Progressive Field and the Quicken Loans Arena are right next to each other, and logistics and scheduling around the stadiums was difficult. Work began in 2016 and finished in 2017, and the demanding schedule was made even more difficult when both the Indians and the Cavaliers made deep runs into the playoffs. In 2016, the Cavs became NBA Champions. But it was the Indians making it to the 2016 World Series that posed bigger logistical problems for the re-roofing project.

The restored roof recreates the original color scheme, which features three different custom colors. The main roof is light gray, with black under the large LED sign, while the sections over the wings stripes are white. Photos: Tremco Roofing and Building Maintenance

“The first part of the schedule was the most difficult, as we had the get the black coating on the roof under the sign prior to the playoffs,” Vetrovsky says. The sign covered approximately 30,000 square feet of roof area, and it was difficult to access the roof surface beneath it. “Crews had to work on their hands and knees to apply the coating beneath the steel framing. That was towards the fall, when the weather started changing, and one of the biggest hurdles was just getting the roof dry in the morning. It got colder and colder as we got down to the wire, but we made our deadline for the work under the sign.”

The staging area was also limited, and the crane could only lift material to one section of the roof. Some material had to be moved by hand some 2,000 feet. “It was an awfully long walk from one end of that roof to the other,” Vetrovsky recalls.

Concerts and other events held during the construction cycle made the schedule even more challenging. “The most notable event was probably the Republican National Convention, which totally shut the site down for more than a week because of security,” notes Slattery.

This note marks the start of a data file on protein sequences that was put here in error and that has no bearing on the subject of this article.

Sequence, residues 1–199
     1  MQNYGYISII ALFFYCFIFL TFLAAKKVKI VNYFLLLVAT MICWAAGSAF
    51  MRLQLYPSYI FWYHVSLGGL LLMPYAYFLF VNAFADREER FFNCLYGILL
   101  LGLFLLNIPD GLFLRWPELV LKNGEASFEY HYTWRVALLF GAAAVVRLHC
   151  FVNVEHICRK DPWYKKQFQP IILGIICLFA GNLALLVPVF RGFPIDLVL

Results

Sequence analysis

Concerts usually necessitated loading in the early morning and clearing the staging area by 8 a.m., but usually work could continue during the day. “We had to do a lot of coordination to make sure we had what we needed to work the entire day and also not go against our commitment to the owner that we would not work past certain hours,” Vetrovsky says. “Many of the special events started after 7 p.m., so we would be long gone by then.”

Championship Caliber

The project was wrapped up earlier this year. Vetrovsky and Slattery agree that the system chosen was a great fit for this project for several reasons. With restoration, there is less noise, less disruption, and less equipment than with a re-roofing project, and the roof has a warranty for the next 20 years. The process also limits negative impact on the environment by preventing removal and disposal of the old roof system.

“The weight was also a factor,” notes Vetrovsky. “With the existing structure, there wasn’t a lot of room for a different type of roof system with heavy cover boards. This roof system was perfect because it doesn’t add a lot of weight.”

The coating also minimized installation time, notes Slattery. “The disruption of a roof replacement in a hospitality setting like that, where they need 250 days of revenue stream, restoration becomes a real attractive option,” he says. “I can’t think of one day where we really disrupted anything.”

Vetrovsky points to his talented crews as the key to meeting tough schedules with top-quality production “What we can offer is skilled labor,” he says. “We’re a union contractor and our guys are well trained. The harder, the better for us. We can handle projects that most other contractors won’t even put a number to — this project being one of those.”